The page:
Shirley Cramer, chief executive of the Royal Society for Public Health – Food should be labelled with the exercise needed to expend its calories:
The Royal Society for Public Health has called for the introduction of “activity equivalent” calorie labelling, with symbols showing how many minutes of several different physical activities are equivalent in the calories expended to those in the product. The aim is to prompt people to be more mindful of the energy they consume and how these calories relate to activities in their everyday lives, to encourage them to be more physically active.
As reported by the CBC, not everyone is a fan of this approach:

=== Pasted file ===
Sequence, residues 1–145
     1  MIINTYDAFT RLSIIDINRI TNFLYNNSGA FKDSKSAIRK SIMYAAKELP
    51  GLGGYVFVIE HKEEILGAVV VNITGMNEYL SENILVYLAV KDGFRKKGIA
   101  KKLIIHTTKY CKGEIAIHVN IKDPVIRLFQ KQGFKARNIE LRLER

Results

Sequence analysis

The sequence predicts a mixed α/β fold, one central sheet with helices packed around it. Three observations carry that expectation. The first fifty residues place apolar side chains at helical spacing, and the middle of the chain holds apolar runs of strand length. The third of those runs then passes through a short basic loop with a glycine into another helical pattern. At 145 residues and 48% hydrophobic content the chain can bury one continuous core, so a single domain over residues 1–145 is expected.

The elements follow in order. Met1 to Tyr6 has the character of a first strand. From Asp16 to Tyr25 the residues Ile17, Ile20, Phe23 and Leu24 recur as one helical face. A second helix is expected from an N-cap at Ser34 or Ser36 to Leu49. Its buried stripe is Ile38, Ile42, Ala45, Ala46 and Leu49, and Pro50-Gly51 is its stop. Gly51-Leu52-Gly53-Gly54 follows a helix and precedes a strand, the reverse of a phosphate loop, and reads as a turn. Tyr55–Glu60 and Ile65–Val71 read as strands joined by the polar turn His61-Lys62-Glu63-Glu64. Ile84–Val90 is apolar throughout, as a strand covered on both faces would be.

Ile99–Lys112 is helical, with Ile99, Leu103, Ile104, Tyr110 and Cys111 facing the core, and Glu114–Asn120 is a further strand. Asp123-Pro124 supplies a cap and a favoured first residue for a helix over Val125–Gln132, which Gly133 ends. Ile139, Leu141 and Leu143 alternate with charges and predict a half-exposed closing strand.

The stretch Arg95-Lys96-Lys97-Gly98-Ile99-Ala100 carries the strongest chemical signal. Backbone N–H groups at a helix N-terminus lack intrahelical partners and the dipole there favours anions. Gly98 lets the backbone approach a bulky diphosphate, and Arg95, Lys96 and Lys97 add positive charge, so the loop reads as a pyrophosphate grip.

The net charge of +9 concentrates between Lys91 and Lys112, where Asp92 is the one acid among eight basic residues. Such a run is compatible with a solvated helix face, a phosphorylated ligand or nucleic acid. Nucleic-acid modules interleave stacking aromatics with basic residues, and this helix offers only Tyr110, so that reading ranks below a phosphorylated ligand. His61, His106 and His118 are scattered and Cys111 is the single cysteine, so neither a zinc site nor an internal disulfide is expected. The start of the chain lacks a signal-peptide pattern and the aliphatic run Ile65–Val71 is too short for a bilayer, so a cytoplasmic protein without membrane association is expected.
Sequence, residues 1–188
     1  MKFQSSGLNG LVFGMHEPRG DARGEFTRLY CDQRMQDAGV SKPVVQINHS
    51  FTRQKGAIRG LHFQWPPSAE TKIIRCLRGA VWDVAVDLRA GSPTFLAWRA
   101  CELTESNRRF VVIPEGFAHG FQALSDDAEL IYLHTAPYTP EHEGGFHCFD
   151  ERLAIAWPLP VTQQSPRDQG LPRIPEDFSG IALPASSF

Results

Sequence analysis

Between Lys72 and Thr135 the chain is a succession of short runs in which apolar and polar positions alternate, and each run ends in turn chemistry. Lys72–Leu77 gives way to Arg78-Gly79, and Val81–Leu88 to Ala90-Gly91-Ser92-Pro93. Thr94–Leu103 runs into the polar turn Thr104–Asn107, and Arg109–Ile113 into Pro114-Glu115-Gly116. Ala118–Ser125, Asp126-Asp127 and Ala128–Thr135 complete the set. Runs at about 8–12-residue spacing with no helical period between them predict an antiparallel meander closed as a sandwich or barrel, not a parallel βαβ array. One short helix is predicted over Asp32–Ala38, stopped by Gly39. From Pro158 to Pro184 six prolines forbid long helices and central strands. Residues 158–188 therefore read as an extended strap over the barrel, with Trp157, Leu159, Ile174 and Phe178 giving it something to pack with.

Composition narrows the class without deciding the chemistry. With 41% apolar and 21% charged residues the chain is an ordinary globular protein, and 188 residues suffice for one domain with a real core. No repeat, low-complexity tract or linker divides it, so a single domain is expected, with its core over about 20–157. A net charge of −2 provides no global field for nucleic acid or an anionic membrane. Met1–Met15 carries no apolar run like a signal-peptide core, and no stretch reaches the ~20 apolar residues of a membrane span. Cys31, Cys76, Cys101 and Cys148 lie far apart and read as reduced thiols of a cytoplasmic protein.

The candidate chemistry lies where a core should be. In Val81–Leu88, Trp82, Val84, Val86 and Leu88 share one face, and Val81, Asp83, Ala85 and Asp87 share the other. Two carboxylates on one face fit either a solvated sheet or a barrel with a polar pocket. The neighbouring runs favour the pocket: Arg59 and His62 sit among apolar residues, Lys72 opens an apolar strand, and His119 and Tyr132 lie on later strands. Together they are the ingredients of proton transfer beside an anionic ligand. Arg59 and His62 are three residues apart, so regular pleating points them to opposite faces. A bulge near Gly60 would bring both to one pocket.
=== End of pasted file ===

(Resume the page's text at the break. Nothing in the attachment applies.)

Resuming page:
Not everybody is sold on the idea. Dr. Yoni Freedhoff is the medical director of the Bariatric Medical Institute in Ottawa.
“People believe that exercise is the ticket to the weight loss express,” he said.
But, in fact, exercise doesn’t burn that many calories.
I believe Dr. Freedhoff is correct. Labelling foods with exercise equivalents is not the right message, and mixes up the idea of weight loss with exercise, when they are not well linked at all.
From what I’ve been reading, exercise is key for reducing your risk of dying early due to cadriovascular disease. With better fitness you also reduce your risk of physical injuries. However, the amount of exercise you do is not well correlated to your weight. Meaning that you cannot realistically exercise enough to reduce your weight if you are consuming the same amount of calories.
– More exercise => better fitness and live longer
– Fewer calories => lose weight
See Dr. Freedhoff’s talk on the issue: